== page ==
• http://www.gobankingrates.com/ HenryTalksMoney

        Thanks, Sally! I try to be.

    • Dan

      Interesting thing though about store credit cards. You can always seem to sign up for them, but if you’ve got a lot of them, and you apply for a mortgage, you will either be denied or have a really high interest rate. So make sure you really want that new store credit card on your credit score the next seven years before decided to purchase that $1500 item or it might end up costing your more than you save on something like a mortgage. (of course, that’s assuming you’re going to get a mortgage, but I just thought I’d throw that out there.)

      • Sally Aquire

        Good point, Dan! Thanks for adding your thoughts!

  • MikeyrInFL

    I have often used a credit card outside the country without problem. I agree it is important to know the policies and practices of each credit card before you leave home. Of my two otherwise perfectly good cards, one has acceptable charges for international transactions including cash advance and currency exchange, the other card does not. As is always the case, it’s all about being informed ahead of time.

    • Sally Aquire

      Thanks for commenting, MikeyrInFL!

      That’s a really good point actually. I have friends who blindly assume that because one of their cards didn’t land them with extortionate amounts while they were abroad, none of the others will either. They’ve found out the hard way that it pays to check it out before you go!

  • Hana

    i disagree with the advice about travelers’ checks. In much of Europe, they are practically useless. When my now son-in-law went to visit my daughter when she was studying in Belgium,he brought travelers’ checks. They were practically useless- it was very hard to find places to cash them, and very few merchants accepted them. Withdrawing from an ATM was the more sensible option.

  • http://www.myfreegaragesalead.com jay

    I agree with not using your credit card for getting money out of atm’s.
    I don’t see the problem with applying for a card if you’re getting a discount through the card, so long you pay the entire balance by the due date.
    I don’t particularly like traveler’s check, but I see why so many people like them: you don’t loose your money, especially when in a foreign country. That’s the last thing you’ll wanna a deal with.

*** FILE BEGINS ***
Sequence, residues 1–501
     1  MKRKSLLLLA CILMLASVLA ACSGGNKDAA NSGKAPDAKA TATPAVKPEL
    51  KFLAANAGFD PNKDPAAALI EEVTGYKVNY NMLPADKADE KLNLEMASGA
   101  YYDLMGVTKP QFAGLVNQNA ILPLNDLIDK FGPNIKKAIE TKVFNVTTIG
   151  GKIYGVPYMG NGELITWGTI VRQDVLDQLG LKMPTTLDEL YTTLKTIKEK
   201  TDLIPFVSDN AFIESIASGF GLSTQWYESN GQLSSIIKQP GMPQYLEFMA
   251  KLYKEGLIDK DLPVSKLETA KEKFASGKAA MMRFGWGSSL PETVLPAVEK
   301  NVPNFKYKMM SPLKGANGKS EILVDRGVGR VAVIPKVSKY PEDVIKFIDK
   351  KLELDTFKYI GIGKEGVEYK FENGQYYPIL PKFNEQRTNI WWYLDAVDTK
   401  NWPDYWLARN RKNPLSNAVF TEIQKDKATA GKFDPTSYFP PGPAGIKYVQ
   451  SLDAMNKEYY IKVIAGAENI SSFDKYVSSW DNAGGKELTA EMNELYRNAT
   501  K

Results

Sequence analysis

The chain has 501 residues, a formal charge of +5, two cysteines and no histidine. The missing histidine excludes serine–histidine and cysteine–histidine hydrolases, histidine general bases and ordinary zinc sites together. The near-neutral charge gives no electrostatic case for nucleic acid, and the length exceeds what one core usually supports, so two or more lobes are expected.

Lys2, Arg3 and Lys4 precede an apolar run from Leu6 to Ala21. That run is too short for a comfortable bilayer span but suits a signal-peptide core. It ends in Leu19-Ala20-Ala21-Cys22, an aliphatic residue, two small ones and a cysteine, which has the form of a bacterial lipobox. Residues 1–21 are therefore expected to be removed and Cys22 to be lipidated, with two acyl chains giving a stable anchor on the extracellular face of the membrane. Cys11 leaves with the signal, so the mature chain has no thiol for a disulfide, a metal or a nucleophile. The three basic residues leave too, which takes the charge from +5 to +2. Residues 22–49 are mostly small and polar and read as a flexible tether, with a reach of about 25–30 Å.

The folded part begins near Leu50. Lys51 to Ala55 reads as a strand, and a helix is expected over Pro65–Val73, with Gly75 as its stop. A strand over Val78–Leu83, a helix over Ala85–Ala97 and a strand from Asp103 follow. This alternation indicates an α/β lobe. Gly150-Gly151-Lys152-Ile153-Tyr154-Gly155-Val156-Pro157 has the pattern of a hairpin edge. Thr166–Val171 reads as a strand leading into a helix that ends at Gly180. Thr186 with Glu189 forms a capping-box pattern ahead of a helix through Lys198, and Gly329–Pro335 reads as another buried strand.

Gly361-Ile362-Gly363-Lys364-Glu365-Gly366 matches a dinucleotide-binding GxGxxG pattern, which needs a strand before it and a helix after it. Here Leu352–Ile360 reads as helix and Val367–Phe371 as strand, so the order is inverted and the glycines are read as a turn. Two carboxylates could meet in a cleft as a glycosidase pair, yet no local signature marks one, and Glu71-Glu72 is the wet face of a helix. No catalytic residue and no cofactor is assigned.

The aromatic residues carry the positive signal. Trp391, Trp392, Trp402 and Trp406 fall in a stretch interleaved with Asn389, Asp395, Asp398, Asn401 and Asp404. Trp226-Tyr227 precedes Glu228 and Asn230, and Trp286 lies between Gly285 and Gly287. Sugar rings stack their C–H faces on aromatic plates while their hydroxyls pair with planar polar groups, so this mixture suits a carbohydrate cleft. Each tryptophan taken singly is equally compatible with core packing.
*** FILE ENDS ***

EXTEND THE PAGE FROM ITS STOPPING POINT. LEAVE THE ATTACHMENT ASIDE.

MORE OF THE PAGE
• http://ameriloansearch.com/ Kollin

    Use credit cards only when you can pay off the entire balance by the end of the month! If you cannot do that, you do not need what you are buying that badly! Using credit cards to buy what you cannot afford is a great way to find yourself in a financial disaster! If you cannot buy with cash, you really do not need what you are buying…do you? There is a big difference between “need” and “want”. Only trouble that you have when paying off your credit card every month is that it ruins, yes I said ruins, your credit. Credit card companies negatively report you because you aren’t showing that you are a good credit risk. The best advice is to pay it off over six months. That way if you want to make a major purchase in the future your credit is built up and you show that you are responsible.

  • Bob

    You forgot one. ALL credit card transactions are now reported to the IRS. So, Big Brother now knows what you bought, where you bought it and how much you paid. Nothing could be wrong with that!

    • Jay Gee

      Also, it bugs me to see people at a convenience store that use their credit card to buy a coffee for $1.79

  • Nanalajane

    Good article, thanks Jason.

  • http://www.paydayloner.com Pete

    Also, don’t use a credit card unless it gives points or cash back. Even 1% cash back or one point per dollar ads up at the end of the year. If you pay in full each month and have a card without a monthly fee, any extras you earn are free.